It is possible to recapture the pioneer spirit in relative comfort as most of the accommodations have modern facilities and all tours are accommpanied by excellent nature guides. 50% of the visitors to Belize only visit San Pedro on Ambergris Caye - they don't know what they are missing!!

Mountain Pine Ridge
The Mountain Pine Ridge is a major forest reserve in the country. Recently excavated is the Caracol Mayan Temple which is claimed to have conquered the Mayas of Tikal, the major Mayan city in Guatemala which is also easily accessible from this region. The major activities of Cayo are the production of citrus, grains and cattle rearing.

Mainland - Southern Belize
Dangriga / Placencia / Punta Gorda


Stann Creek is a coastal district which is inhabited mostly by Garifunas, descendants of Caribs from the island of St. Vincent. Its most important city, Dangriga, is known as the city of culture since the people are rich with its Garifuna music and dances characterized by the beating of drums. The Stann Creek Valley gives the district its distinct characteristic and natural beauty formed by the chain of surrounding mountains. Driving down the Hummingbird Highway, the most scenic road journey in Belize, from Belmopan to Stann Creek you can view the Sleeping Giant formed by the hills just as you enter the Valley. The Cockscomb Jaguar Reserve on the eastern side of the Maya Mountain is a major attraction for eco-tourists. The major economic activities in this area are fishing, the production of bananas and citrus. Indeed, as you drive on the highway along the valley you will be able to observe the citrus plantations and the two processing plants. Dangriga is also the departure point for visiting the cayes in the south.
The Placencia Peninsula parallels the southern coast of Belize for nearly 15 miles. On the western side, a narrow finger-shaped lagoon separates the peninsula from the mainland. Blanketing the eastern shore, a magnificent stretch of sun-drenched beach runs its entire length. This area has become a very popular tourist destination.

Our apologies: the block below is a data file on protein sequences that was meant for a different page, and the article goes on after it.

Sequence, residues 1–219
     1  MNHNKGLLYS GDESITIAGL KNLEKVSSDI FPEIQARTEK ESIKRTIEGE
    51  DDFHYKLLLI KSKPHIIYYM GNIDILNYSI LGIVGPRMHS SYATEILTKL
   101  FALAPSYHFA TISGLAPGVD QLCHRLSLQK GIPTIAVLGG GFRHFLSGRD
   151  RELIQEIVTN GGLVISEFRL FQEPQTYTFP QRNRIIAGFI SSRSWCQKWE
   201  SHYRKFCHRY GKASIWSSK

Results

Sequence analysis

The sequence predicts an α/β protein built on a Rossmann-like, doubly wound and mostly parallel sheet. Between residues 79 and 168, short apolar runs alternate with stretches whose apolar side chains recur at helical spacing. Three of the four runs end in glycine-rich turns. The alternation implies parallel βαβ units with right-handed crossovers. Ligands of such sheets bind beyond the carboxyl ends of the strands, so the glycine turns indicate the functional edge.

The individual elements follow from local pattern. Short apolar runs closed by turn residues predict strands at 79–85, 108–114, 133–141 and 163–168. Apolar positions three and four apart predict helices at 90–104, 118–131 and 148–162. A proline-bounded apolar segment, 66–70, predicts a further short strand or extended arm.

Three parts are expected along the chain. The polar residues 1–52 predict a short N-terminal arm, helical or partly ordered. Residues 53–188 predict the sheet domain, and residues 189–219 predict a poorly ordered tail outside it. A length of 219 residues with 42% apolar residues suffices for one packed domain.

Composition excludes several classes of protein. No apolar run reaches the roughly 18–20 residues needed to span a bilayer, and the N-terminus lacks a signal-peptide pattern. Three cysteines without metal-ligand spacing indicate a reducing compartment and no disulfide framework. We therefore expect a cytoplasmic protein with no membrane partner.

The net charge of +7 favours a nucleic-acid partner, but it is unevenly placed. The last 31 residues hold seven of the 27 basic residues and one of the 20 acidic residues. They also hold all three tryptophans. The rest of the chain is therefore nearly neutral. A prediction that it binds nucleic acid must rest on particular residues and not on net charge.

Punta Gorda
Toledo is the southern most district of the country. Many people would say that Toledo is the forgotten district because of its roads and its limited communication system. This however, has been like a blessing to Toledo since it still remains virtually untouched. Its natural resources combined with the rich culture of the Maya makes Toledo District the perfect place for the development of eco-tourism. Punta Gorda Town is the city and the commercial center of Toledo. It is a fairly small town on the shore of the Caribbean. The rural communities of Toledo are mostly located some distance from Punta Gorda Town as these villages are inhabited by Mayas who practice the traditional Milpa farming system. There are also communities of East Indians or Garifunas. Attractions of the district are the Maya ruins such as Lubaantum, Nim Li Punit and Uxbentum. National parks, including the Colombia Forest Reserve are also places well worth visiting.

Mainland - Northern Belize
Corozal / Orange Walk


Corozal is the Northern most district of Belize bordering the Mexican City of Chetumal. It is also a coastal district which is inhabited mostly by Mestizos and Yucatec Mayas that settled in the area after fleeing from the Caste War of Mexico. The most important city of this district is Corozal Town which is perched right in front of the Caribbean sea. The economy of the district is based on the production of sugar cane, papaya and fishing.
Orange Walk
Orange Walk is the second northern district located between Belize and Corozal. The major city of the district is Orange Walk Town which is located 54 miles up the Northern Highway from Belize City. Its major activity is still the production of sugar cane. Important attractions in Orange Walk include the Maya ruins, Lamanai, El Posito, Cuello, Nohmul, Chan Chich and the Rio Bravo Conservation Area.


Belize City is a major seaport on the Caribbean, the former capital and the largest town in Belize. It is home to about 45,000 inhabitants, roughly one-third of the country's total population. With an ethnic mix of Maya, African, European and Asian, its people provide a truly unique cultural blend